April 7, 2016

Richard Clark Reed (1851–1925) on Calvinism and the Love of God

II. With reference to the unsaved, what is the doctrine of Calvinism? This question is the crucial test of the system. It smiles benignantly on the elect, but it is supposed to wear a very harsh and forbidding aspect when it turns its face towards the unsaved. If this be true, if it have no pity in its heart for the incorrigible sinners who destroy themselves, we are ready to say that it is not of God. Christ wept tears of compassion while looking on the sinners who had sinned away their day of grace. If Calvinism have not the spirit of Christ, it is none of his. It professes to find its chief supporter in Christ. It can only make good this profession by showing a love as broad and a sympathy as tender as his.

What can we say in its behalf? We can say that Calvinism puts no limit whatever on the love of God. It limits the number of saved, but it does not restrict the love of God to the saved. It limits the application of the benefits of redemption, but it does not ascribe the limitation to the want of love. It accepts John iii.16 in all its length and breadth: ‘God so loved the world, that he gave his only begotten Son, that whosoever believeth on him should not perish.’ Calvin is good authority with all Calvinists, and his comment on this text is as follows: ‘Christ brought life, because the heavenly Father loves the human race, and wishes that they should not perish. He employed the universal term whosoever, both to invite indiscriminately all to partake of life, and to cut off every excuse from unbelievers. Such, also, is the import of the term world. Though there is nothing in the world that is worthy of God’s favor, yet he shows himself to be reconciled to the whole world when he invites all men, without exception, to the faith of Christ.’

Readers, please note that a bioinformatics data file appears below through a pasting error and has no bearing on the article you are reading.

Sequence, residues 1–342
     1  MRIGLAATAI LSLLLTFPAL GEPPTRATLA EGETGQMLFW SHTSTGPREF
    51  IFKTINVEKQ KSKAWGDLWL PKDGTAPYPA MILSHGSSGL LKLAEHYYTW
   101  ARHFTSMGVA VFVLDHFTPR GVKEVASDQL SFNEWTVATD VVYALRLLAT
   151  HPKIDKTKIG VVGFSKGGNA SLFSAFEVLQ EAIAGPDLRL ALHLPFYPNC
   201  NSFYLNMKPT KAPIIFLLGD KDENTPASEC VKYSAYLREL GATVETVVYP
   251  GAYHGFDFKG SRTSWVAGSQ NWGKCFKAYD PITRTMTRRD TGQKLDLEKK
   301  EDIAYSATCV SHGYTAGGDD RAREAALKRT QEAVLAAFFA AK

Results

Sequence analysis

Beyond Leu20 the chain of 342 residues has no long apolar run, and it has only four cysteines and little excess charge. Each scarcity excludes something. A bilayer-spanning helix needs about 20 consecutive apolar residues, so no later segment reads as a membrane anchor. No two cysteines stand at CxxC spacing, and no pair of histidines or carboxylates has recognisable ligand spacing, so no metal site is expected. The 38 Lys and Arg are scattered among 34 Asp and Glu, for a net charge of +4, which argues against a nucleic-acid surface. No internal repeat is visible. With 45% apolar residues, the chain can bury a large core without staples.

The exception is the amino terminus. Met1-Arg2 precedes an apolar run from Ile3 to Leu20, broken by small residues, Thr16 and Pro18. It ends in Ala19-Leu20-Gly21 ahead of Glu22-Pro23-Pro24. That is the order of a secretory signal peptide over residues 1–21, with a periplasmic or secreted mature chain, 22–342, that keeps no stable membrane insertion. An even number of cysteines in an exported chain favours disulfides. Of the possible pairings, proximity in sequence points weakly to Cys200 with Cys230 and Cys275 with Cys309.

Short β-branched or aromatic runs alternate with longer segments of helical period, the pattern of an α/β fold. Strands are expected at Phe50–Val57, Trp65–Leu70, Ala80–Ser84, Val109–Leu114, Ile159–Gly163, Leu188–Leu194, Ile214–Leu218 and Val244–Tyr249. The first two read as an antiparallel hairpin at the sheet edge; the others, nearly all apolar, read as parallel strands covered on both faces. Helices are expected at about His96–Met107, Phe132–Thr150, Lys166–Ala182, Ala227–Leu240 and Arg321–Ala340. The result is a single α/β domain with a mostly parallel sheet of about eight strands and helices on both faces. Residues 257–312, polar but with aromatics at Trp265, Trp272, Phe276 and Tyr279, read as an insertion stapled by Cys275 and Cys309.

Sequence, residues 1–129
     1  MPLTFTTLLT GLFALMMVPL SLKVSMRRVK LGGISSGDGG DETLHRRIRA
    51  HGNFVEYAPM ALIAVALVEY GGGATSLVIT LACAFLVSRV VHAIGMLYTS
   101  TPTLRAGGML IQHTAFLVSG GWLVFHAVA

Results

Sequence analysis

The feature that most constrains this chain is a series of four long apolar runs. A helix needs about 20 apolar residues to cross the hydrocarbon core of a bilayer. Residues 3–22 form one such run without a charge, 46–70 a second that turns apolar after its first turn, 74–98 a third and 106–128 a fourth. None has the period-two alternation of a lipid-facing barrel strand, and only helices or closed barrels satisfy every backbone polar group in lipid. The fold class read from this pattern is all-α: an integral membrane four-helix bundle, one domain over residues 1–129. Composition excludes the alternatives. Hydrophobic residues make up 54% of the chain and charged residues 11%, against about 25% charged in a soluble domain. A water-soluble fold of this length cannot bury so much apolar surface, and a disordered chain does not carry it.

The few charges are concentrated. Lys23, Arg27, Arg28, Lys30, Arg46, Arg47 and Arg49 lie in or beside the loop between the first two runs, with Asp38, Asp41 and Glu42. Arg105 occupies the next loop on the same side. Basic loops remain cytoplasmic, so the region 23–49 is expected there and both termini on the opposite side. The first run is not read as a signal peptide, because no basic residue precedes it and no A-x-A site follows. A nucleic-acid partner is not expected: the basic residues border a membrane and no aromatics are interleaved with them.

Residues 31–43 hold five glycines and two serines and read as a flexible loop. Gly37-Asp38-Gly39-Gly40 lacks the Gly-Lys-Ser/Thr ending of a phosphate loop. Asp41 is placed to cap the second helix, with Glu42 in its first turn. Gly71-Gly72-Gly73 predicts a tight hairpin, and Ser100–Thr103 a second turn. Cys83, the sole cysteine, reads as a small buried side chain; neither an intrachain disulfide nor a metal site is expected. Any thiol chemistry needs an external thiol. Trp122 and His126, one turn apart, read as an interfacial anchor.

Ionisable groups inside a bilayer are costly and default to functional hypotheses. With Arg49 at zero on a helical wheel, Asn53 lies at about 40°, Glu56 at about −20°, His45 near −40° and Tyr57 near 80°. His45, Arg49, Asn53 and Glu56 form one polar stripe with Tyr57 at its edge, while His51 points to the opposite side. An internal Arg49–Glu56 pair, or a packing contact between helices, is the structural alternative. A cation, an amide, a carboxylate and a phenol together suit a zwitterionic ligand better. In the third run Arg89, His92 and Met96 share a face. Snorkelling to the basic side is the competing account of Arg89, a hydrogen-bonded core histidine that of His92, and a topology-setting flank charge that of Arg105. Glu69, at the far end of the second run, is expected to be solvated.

The Synod of Dort, called the ‘grim synod,’ because of the rigidity of its Calvinism, was careful not to bound the love of God by the decree of election. ‘As many as are called by the gospel are unfeignedly called; for God doth most earnestly and truly declare in his word what will be acceptable to him, namely, that all who are called should comply with the invitation. He, moreover, promises seriously eternal life and rest to as many as shall come to him and believe on him. It is not the fault of the gospel, nor of Christ offered therein, nor of God, who calls men by the gospel, and confers upon them various gifts, that those who are called by the ministry of the word refuse to come and be converted. The fault lies in themselves.’ This declaration represents the belief of all the great Calvinistic churches of the Reformation period, and it plainly implies that they held and taught that God’s love is world-wide and race-embracing. They do not modify nor dilute the broadest statements of the word of God touching his gracious readiness to receive all sinners, without exception, on the ground of their faith and penitence, to the arms of his forgiving love.
Richard Clark Reed, The Gospel As Taught By Calvin (Richmond, VA: The Presbyterian Committee of Publication, 1896), 112–115.


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